Yorkshire Knee Clinic’s Jim Newman explores the relationship between mental health and knee pain.
In one of the least surprising research outcomes I can remember, a study from the University of Virginia recently revealed patients with knee pain “have lower subjective mental health and physical health than healthy individuals”.
It’s difficult to argue with the finding that someone who has knee pain is less likely to be as physically or mentally healthy as someone who doesn’t. If you’re suffering from knee pain, of course you can’t be as physically healthy – because it hurts. Over time that may well also affect your mental wellbeing. But does pain and/or depression affect the success of your knee surgery?
The effect of pain and depression on knee surgery
Last year, a study was presented to the 2017 Annual Meeting of the American Academy of Orthopedic Surgeons (AAOS) which explored the relationship between mental health and total hip and knee replacement outcomes. Of the 20,000 patients studied over an eight year period, almost 6.5% had been diagnosed with depression. Of those, the risk of a joint infection post-surgery doubled while the overall long-term risk of revisions (further corrective procedures post-op) increased.
An older, much smaller study found that men and women suffering from anxiety were more likely to suffer higher levels of post-op pain and spend longer in hospital. And yet another study, this time into hip replacements, found that patients taking antidepressants up to three years prior to their operation “were more likely to report greater pain before and after surgery and less satisfaction with their procedure”.
Finally, and just to compound the issue, a study in the Journal of Bone and Joint Surgery found that patients who took prescription opioids (high dose painkillers) for more than 60 days before total knee or hip replacement surgery showed a “significantly increased risk of early revision and significantly increased risk of 30-day readmission.”
So, if you suffer anxiety or depression, or have taken high dose painkillers for a prolonged period, there is a greater likelihood that your knee surgery will carry a greater risk of pain, infection and revision. If I’m talking with a patient who has, for example, fibromyalgia or has used opioid patches for a prolonged period, I know their recovery from knee surgery is likely to be a longer, more complex journey and I will always discuss this with them. But does that mean they shouldn’t have the surgery at all? Far from it.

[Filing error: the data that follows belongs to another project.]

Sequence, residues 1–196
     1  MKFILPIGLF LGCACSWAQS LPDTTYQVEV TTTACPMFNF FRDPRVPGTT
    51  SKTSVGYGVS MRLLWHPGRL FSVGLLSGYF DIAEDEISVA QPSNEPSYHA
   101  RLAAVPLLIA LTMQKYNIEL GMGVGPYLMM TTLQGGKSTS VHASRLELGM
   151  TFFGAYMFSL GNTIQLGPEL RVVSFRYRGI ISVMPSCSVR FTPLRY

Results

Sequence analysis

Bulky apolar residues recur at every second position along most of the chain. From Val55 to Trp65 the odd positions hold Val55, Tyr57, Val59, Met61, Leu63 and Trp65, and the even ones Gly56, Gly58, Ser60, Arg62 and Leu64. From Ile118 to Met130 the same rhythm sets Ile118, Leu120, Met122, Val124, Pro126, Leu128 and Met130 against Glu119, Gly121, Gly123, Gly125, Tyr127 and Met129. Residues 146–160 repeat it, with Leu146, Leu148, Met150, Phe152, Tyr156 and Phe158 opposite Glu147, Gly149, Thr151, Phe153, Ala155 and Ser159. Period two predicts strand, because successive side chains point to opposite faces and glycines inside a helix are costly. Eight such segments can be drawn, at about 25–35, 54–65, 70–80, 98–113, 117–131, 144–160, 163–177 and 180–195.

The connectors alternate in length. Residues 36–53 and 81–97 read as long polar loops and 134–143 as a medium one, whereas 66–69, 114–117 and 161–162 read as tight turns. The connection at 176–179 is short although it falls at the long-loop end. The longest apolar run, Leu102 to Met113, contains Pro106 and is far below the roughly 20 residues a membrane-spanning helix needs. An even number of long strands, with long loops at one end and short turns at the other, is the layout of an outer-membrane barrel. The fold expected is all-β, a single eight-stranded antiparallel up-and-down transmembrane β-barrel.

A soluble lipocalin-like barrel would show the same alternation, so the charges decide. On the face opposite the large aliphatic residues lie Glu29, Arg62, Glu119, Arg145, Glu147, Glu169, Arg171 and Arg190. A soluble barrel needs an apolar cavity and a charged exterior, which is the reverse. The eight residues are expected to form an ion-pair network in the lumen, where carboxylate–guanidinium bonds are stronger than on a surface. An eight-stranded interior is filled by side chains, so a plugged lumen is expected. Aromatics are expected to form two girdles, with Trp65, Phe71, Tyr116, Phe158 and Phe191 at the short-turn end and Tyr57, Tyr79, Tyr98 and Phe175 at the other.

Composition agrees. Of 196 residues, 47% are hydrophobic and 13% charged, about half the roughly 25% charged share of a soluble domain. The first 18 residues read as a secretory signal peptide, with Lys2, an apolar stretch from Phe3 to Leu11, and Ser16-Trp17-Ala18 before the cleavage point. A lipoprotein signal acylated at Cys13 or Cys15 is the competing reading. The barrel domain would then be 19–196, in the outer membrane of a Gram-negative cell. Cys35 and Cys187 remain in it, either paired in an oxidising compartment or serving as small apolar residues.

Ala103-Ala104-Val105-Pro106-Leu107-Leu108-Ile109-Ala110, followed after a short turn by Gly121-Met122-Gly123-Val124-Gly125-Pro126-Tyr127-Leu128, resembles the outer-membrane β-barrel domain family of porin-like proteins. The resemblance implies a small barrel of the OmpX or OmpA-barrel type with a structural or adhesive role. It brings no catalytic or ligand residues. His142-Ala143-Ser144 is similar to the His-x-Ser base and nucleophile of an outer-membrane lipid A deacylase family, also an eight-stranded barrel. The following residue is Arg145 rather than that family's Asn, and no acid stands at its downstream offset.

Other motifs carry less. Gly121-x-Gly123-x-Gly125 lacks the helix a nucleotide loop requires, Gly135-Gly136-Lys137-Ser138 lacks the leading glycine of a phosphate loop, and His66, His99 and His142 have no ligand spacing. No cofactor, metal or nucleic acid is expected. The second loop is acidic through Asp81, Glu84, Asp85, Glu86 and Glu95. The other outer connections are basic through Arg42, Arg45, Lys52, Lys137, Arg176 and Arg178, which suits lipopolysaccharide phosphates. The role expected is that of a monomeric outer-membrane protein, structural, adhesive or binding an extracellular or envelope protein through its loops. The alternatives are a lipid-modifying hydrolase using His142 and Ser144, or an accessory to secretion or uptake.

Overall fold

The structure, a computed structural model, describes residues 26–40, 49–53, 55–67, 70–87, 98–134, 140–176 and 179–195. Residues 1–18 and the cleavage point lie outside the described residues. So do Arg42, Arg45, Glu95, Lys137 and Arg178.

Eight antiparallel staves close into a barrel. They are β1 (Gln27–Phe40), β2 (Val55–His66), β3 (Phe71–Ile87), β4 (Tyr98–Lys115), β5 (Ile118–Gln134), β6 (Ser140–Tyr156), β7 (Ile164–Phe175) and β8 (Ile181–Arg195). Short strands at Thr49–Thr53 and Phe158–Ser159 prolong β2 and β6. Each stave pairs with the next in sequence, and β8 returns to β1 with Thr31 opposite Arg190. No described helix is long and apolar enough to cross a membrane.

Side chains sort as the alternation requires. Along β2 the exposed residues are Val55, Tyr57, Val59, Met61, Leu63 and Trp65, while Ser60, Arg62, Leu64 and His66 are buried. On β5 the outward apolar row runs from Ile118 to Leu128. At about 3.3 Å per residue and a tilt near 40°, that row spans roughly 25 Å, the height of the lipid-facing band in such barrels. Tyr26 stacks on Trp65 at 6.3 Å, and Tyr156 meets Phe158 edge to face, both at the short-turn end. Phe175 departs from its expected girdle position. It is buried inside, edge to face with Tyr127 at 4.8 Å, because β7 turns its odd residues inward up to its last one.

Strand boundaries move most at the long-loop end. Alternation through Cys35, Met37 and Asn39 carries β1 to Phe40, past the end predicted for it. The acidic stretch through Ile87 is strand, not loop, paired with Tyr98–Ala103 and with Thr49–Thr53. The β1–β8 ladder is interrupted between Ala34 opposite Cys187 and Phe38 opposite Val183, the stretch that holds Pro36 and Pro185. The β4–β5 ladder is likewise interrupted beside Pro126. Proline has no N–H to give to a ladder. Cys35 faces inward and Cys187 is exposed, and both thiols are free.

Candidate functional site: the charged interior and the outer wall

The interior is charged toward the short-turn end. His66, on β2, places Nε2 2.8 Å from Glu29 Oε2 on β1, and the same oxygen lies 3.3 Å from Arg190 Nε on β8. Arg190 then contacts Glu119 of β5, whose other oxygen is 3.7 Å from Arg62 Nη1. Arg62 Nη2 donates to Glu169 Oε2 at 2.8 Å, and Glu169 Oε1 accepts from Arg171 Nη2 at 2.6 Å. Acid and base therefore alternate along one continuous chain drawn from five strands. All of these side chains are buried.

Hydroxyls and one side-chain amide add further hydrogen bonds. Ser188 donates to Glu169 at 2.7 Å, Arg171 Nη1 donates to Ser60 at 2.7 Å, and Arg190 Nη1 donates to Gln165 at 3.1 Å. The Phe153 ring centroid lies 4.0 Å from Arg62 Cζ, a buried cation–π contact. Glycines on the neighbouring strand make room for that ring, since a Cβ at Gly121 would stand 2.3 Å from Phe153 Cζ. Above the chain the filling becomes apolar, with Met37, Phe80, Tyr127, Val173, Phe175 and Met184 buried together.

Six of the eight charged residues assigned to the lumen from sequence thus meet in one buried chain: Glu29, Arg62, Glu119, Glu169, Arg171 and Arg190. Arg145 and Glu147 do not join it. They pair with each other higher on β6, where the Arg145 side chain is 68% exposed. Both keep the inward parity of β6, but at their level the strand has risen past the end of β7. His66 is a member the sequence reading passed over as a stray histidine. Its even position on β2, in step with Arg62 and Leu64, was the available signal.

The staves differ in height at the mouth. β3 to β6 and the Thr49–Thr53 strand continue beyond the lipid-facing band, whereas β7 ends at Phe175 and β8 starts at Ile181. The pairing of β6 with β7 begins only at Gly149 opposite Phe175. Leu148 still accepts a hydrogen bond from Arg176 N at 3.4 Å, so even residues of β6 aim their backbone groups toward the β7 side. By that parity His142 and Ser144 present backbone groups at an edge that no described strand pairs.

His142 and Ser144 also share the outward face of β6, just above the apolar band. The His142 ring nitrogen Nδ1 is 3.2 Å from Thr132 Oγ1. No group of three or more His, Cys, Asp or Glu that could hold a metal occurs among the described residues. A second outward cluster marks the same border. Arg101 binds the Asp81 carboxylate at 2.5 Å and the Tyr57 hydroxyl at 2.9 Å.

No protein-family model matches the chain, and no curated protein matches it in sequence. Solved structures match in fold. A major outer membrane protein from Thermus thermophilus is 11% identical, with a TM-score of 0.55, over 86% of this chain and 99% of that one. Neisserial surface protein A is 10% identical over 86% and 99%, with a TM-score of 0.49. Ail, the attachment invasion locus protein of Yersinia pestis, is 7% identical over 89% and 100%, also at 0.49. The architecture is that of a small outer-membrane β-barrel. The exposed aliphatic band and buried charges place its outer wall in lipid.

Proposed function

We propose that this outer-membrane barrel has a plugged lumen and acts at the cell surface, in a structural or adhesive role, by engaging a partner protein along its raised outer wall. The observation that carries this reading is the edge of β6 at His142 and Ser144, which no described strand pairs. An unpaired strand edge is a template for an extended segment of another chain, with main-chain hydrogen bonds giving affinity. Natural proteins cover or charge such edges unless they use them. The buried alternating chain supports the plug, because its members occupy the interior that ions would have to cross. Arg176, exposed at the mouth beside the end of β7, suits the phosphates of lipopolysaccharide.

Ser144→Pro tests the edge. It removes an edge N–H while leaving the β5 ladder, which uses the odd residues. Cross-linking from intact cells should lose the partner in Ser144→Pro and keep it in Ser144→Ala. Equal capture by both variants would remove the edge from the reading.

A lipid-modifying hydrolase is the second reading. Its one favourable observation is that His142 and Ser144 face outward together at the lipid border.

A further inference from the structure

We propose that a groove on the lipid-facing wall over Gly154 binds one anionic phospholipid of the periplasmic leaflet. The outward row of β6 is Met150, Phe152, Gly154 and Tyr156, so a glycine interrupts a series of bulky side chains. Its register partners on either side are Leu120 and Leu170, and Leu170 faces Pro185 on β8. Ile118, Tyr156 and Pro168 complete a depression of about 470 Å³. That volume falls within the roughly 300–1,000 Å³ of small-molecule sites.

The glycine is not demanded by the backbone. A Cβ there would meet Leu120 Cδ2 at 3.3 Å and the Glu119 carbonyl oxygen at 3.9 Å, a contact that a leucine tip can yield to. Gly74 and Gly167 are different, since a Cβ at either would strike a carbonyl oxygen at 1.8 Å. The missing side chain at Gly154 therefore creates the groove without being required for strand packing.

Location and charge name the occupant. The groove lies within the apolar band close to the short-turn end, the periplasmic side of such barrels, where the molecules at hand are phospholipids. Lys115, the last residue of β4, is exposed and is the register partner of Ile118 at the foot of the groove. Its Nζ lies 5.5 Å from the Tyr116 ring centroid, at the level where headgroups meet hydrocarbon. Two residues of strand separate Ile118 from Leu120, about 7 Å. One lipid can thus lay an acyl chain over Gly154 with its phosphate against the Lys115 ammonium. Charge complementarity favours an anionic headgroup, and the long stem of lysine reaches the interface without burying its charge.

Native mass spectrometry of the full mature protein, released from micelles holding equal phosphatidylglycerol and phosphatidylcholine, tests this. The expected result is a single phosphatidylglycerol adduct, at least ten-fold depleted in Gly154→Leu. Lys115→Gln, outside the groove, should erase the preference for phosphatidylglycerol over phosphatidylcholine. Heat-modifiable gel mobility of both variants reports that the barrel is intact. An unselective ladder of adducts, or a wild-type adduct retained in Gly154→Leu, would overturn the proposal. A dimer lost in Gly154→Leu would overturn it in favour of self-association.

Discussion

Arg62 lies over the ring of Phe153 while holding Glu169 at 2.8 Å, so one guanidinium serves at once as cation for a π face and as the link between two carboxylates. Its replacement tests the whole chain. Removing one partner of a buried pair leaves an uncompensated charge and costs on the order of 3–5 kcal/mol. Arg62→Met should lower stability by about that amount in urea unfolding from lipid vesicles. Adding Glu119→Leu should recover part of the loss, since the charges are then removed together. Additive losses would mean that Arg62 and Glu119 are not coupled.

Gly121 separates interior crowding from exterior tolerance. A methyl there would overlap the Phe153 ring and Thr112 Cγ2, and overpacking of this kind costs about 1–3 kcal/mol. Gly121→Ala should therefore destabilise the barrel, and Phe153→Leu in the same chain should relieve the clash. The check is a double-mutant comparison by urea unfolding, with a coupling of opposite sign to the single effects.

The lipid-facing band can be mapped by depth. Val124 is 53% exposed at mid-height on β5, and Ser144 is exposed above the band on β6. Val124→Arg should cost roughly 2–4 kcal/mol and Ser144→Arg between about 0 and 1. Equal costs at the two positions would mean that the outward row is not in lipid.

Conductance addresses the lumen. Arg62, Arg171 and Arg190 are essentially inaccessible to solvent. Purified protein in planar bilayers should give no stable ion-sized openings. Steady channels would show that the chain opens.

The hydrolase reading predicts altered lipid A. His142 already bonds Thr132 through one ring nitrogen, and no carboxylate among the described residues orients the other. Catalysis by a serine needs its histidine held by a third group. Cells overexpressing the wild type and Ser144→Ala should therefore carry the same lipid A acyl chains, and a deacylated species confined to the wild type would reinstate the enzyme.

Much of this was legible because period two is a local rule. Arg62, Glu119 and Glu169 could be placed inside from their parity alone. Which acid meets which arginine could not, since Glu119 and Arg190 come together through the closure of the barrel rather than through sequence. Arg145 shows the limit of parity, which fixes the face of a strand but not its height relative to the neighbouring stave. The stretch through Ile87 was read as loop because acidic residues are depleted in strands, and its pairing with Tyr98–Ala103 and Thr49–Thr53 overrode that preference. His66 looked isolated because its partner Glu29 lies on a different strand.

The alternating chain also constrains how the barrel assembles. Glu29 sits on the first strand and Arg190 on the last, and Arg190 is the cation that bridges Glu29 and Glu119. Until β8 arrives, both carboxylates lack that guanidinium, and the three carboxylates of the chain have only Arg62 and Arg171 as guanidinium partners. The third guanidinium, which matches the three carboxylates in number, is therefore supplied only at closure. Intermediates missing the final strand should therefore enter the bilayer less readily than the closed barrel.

Cause for hope
First, there are the medical advances that may be able to counterbalance the negative effects of pain or depression on surgery. In the 2017 study mentioned above, selective use of serotonin reuptake inhibitors (SSRIs), a type of antidepressant, was shown to reduce the risk of revision surgery following total hip or total knee replacement.
And for those patients worried about the effects of depression or chronic pain on their knee surgery, a 2007 study found that “most patients with pain one year after surgery can be reassured pain ultimately improves.”
Benefits still outweigh risks
As with so many things, it’s a case of managing expectations. The road to a pain free knee may be longer and rockier if you enter treatment taking anti-depressants or opioids, but the benefits – the ability to move in a way you haven’t for years; to resume activities you had to stop; to be (ultimately) pain free – can be hugely beneficial to your mental and physical wellbeing.
If you’re suffering from chronic pain and/or anxiety talk to me or any of the knee surgeons at Yorkshire Knee Clinic about the many ways we could help you. Call us now on 03453 052 579.
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